This is a very troubling account of a Philadelphia animal rights group swiping pets and refusing to work with breed experts who want to adopt them.Â In a very quick search, I didn’t find any media accounts to back it up, but I’m sure that’s because on its face, a story about a woman with a few too many dogs doesn’t sound that interesting.Â So instead I received verification from Pennsylvania Society for the Prevention of Cruelty to Animals.Â Then it gets interesting…
The local SPCA raided Wendyâ€™s Willardâ€™s kennel where she keeps her Murder Hollow Bassets on Monday night. They arrived with seven trucks and two police cars & informed her that one of her neighbours had complained about noise.Neither the neighbour nor the SPCA had previously complained to her, yet she has been there for 22 years.
As it turns out, Philadelphia County had recently passed an ordinance where no more than 12 animals may be kept on any property. The Murder Hollow kennels contained 23 bassets, less than the requirement to obtain a (US) Department of Agriculture kennel licence, but the kennel is just inside the city limits.
Under this law, the local SPCA have managed to acquire the power to seize peopleâ€™s dogs without warning, by force and by night, and then to take them away to an unknown destination without any accountability.
The police took 12 hounds and delivered them to an SPCA animal rescue â€œshelterâ€ in Philadelphia. From there the hounds were dispersed amongst other â€œsheltersâ€.
When I contacted the SPCA, they claimed that other blog coverage (and this is the only other blog coverage I’ve found) is inaccurate.Â I didn’t dive into exact raid details with their spokeswoman, but I’m curious about what exactly is inaccurate.Â She did not challenge or attempt to correct my understanding that the dogs were seized in response to a relatively new Philadelphia ordinance without warning or an effort to cooperate with the owner.Â (A quick search for information on this seems to verify that there was little or no media coverage of this change, prompting reasonable concerns that a full on raid may not have been the best way to address a concern of too many dogs.)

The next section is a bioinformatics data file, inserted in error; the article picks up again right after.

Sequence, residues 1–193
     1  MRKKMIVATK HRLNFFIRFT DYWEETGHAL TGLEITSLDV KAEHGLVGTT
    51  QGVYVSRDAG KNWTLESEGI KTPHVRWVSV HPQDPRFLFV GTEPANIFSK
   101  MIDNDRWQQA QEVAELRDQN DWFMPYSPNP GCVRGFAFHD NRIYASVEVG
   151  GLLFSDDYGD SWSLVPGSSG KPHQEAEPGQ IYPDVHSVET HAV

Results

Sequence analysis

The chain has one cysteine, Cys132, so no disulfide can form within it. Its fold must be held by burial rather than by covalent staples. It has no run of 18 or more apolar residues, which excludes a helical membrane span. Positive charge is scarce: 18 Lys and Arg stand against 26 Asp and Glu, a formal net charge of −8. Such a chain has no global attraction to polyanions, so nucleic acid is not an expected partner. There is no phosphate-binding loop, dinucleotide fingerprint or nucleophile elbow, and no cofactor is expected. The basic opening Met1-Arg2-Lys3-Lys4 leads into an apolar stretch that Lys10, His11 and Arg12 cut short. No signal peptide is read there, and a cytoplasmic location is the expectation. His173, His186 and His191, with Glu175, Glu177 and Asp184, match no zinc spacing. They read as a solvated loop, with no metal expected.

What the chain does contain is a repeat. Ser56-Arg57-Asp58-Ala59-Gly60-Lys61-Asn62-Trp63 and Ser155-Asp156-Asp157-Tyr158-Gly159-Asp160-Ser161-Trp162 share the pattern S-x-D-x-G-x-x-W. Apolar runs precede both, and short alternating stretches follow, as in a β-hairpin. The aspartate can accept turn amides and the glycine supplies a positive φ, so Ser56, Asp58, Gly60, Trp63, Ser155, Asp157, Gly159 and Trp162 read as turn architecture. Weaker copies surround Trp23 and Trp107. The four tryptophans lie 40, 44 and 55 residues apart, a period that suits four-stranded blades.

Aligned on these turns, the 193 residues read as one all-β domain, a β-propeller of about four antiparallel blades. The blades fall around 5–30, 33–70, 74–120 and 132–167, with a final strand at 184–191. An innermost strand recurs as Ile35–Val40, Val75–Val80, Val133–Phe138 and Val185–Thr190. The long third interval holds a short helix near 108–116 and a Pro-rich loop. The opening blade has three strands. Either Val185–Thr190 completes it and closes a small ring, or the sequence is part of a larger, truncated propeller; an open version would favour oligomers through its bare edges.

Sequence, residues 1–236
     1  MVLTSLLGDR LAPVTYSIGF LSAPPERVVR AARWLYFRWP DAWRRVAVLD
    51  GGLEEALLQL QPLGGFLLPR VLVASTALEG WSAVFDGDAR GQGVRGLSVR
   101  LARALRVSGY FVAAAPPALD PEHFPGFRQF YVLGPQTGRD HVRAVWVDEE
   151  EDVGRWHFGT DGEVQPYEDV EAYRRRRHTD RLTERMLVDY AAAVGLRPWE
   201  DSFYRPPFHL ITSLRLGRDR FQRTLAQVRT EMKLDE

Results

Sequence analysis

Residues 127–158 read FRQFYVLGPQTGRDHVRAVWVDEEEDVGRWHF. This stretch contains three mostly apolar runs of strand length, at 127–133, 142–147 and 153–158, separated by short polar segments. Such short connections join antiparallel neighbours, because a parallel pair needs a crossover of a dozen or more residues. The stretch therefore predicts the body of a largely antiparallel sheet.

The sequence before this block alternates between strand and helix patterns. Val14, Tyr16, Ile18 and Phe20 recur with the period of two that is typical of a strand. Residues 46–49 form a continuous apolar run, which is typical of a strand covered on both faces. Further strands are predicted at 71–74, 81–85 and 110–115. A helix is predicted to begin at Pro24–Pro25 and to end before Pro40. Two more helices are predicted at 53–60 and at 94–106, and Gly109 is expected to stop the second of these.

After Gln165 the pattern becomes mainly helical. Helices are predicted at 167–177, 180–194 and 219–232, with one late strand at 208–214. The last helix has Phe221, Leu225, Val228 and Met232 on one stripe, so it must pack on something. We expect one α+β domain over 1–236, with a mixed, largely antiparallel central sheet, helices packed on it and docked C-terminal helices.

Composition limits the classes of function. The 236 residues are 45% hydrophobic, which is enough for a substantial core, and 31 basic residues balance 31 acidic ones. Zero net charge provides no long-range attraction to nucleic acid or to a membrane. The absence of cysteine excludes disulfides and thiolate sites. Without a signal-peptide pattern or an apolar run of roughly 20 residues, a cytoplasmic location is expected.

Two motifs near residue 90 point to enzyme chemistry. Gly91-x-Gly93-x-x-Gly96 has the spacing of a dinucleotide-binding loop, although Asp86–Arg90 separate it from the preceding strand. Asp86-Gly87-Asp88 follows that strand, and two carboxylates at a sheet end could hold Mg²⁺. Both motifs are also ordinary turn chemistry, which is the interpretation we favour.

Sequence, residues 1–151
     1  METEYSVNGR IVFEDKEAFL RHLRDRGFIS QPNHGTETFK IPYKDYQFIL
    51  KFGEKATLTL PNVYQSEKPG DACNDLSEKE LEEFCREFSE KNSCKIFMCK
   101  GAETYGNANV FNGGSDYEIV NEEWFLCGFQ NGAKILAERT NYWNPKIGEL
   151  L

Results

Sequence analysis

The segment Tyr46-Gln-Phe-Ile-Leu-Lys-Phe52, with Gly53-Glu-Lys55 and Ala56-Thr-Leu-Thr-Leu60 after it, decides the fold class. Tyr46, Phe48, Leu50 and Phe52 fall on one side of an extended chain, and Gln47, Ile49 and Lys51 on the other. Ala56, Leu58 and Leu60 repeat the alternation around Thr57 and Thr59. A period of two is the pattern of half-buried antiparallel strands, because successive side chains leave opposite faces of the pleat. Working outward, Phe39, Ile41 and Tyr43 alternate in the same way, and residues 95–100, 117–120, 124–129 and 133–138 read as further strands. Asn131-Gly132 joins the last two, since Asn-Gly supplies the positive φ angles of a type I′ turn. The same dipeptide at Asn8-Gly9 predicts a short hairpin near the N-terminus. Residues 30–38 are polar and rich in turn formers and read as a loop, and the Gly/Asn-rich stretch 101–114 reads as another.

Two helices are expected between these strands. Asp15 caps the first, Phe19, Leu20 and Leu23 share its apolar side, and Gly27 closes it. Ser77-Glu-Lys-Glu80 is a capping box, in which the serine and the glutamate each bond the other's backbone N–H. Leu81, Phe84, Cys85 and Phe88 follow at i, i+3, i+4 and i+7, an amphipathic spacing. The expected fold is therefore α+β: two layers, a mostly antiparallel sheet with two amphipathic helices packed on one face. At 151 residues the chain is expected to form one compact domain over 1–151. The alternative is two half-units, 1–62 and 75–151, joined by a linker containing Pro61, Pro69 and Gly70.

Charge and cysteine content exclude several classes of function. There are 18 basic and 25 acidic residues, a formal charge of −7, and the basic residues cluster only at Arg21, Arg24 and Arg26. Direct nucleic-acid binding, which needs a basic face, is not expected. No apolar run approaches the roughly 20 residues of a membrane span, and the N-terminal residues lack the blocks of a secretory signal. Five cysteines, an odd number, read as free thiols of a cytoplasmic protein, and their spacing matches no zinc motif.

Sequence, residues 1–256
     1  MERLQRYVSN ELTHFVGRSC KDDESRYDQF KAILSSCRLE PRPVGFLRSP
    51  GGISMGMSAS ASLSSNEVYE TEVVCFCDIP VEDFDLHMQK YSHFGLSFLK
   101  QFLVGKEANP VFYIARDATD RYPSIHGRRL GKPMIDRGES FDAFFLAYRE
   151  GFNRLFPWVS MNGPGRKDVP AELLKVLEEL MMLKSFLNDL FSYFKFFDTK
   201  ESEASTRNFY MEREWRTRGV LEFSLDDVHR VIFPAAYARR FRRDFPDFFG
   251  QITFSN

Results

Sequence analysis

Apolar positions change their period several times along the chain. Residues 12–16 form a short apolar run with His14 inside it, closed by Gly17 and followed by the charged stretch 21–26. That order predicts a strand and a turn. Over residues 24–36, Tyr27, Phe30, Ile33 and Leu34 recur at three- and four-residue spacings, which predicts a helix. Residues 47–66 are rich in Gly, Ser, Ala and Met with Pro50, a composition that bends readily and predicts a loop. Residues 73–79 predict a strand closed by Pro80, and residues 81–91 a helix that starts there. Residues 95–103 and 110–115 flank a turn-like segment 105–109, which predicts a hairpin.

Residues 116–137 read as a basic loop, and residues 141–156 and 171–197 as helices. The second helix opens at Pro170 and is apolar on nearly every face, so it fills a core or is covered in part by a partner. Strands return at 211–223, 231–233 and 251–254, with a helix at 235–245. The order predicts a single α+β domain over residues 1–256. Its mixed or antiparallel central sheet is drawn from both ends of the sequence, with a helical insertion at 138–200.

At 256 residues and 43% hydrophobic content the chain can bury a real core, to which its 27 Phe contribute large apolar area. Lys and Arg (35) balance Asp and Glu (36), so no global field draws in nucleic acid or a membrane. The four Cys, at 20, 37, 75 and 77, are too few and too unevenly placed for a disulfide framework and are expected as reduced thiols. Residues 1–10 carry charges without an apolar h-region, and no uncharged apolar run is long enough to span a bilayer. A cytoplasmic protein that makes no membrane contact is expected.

According to the blog post, basset owners from around the area have stepped up to care for the dogs, but have so far been refused.Â Why would a shelter that has an “urgent appeal” out for adoption homes ignore offers of assistance from breed specialists?Â So, I inquired about this rather odd development.Â Again, it was confirmed that these other owners have been contacting the PSPCA, but to no avail.Â The PSPCA claims that they have already sent the dogs out to a rescue shelter, and the operators of the rescue shelter maintain full discretion over who may see or adopt the dogs.
At this point, I’m more than a curious writer, but a concerned citizen.Â Why can a private organization come on to your property to enforce an ordinance, take your property, and then not be held accountable for the property?Â How can a rescue organization hold full determination over adoption rights for pets when even PSPCA admits they have not fully investigated the situation and alleged violations?
Oh, did I forget to mention that the PSPCA spokeswoman said they were still investigating the situation?Â Yes, that’s right.Â They have not come to any conclusions about the alleged violations, yet they have already taken a woman’s dogs and given them to another group to give away to other owners.Â Meanwhile, when eligible and expert owners from the woman’s breeding community come forward, they have been shut out, and neither PSPCA nor the unnamed rescue group are held to account in responding to their concerns.